to get a faster shutter speed, go for bigger aparture which allow more light to go through the lense to the sensor… higher ISO as explained by kroll…

and for bokeh, the bigger the aparture, the more bokeh it is… and also with a big aparture, the longer you zoom in, the more bokeh as well… but you sacrifice your wide angle in doin so…

I can’t tell from my monitor coz it looks sharp to me. But assuming that the lighting was good and camera & lens in good working order & lens not dirty, try focus lock on the subject eyes. Take a few shots instead of just 1 and/or bracket your shots. In the past where film are expensive and every shot count but now it is digital and can delete and reuse the memory card, so take more shots of the same scene. Can always delete if no good.

[quote=“iamkroll”]liangpopo, hehe not a problem. just sharing what i know hehe.

however i would advice u not to rely on ‘auto’ functions so much. hehe coz if u think about it, whats the point in buying a dSLR if u still just want to use the auto functions. hehe right? plus u cant get creative with auto. :smiley:

i suggest u learn more about shutter speed and aperture. this two go hand in hand coz they have to compensate for each other. u will also learn that shutter speed and the aperture also have effect on ur pictures (depth of field, softness of ur picture etc).

so once u know ur desired shutter speed or aperture for that particular shot, u may take into consideration about the ISO depending on lighting conditions.

and to determine whether ur photo is overexposed or underexposed, use the histogram.

hehe hope that helps![/quote]

Yea i have little knowledge on shutter spd and apperture combination. i mean, in condition whr light is sufficient, we should use fast shutter speed and low apperture ( prevent exposure) in order to grab sharp pic. keep ISO low to prevent unecessary noise…
While in condition whr light is insufficient, long shutter speed to allow more light coming in… and high apperture to prevent sort of dark photos… ISO also set higher… am i right?

If i want to catch a photo of moon, is that i hve to set to long shutter speed, high apperture and high ISO? pls advice… :oops:

[quote=“craziechild”]is it just me?

i think the TS is talking about bokeh? no?

anyway… yea ligting does helps a lot on sharpness… simple explaination is before the subject or your hand could shake, the pic are already on its way to the memory card…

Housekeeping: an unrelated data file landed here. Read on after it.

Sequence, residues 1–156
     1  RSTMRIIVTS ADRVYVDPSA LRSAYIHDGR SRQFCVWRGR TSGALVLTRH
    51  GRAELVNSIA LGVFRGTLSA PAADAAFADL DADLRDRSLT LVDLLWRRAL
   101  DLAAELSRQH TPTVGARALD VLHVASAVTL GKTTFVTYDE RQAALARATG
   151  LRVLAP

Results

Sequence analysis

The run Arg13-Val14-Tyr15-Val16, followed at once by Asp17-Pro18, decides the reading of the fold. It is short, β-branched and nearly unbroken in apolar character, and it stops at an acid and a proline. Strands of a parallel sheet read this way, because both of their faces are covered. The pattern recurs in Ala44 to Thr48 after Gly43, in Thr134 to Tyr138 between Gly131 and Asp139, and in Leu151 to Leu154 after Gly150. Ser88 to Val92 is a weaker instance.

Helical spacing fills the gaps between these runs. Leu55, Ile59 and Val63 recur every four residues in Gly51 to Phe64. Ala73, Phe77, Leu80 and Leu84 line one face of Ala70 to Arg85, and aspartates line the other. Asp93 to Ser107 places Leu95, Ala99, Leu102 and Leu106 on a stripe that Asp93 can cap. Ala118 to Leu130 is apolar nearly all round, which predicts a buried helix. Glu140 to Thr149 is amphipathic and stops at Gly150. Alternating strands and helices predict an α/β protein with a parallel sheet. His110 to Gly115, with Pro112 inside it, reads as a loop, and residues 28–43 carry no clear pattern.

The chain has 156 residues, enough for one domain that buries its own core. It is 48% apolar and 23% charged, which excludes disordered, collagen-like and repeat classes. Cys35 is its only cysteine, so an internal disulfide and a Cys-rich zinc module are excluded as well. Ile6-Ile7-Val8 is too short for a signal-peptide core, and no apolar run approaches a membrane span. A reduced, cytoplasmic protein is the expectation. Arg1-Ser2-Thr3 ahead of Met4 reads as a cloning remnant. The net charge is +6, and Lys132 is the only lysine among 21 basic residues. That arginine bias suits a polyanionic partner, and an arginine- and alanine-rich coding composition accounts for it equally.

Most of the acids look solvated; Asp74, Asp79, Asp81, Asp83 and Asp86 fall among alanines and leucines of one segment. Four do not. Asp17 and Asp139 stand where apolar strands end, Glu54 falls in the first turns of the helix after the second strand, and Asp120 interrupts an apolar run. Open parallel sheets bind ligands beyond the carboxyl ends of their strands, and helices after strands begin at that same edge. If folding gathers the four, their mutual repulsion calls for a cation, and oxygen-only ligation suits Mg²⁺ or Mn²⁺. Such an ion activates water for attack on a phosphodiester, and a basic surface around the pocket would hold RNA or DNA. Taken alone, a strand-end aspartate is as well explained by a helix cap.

to get a faster shutter speed, go for bigger aparture which allow more light to go through the lense to the sensor… higher ISO as explained by kroll…

and for bokeh, the bigger the aparture, the more bokeh it is… and also with a big aparture, the longer you zoom in, the more bokeh as well… but you sacrifice your wide angle in doin so…[/quote]

After google the meaning of bokeh… YEAH iam toking about bokeh :mrgreen:
But not the bokeh of background, but it’s the sharpness of object that i try to focus… toking about the lighting helping in sharpness… i guess the picture above is considered to be taken under sufficient light… am i right? :? Though the leaves of trees blocked the direct sunlight…

i think it is not as sharp as what i expect it to be… :oops:

and i guess the lens is not dirty yet since i only use it for once or twice after i got it… :oops:

maybe during the exciting mode of getting first DSLR, i just shoot shooot shoot without caring the setting (Becoz any photos shot will be better than my old IXUS 70 digital camera) :lol: … now get to be cool down a bit and start to think of the proper setting to produce the perfect photos. There it goes my journey of dslr… :roll:

Well, that’s normal. I too was quite excited when I got my first dslr few month back. It’s a D90 also :mrgreen:

from the pic,it seem to me the focus point was on his upper hair,not on his face or eye,maybe becos of distance a bit close therefore which cos the sharrow DOF .Anyway,apart from that,the photos looks sharp to me :slight_smile:

i think he is referring to bokeh??

bokeh not sharp ?

not enough bokeh i think… cuz i think the pic is quite sharp… even on 100% crop…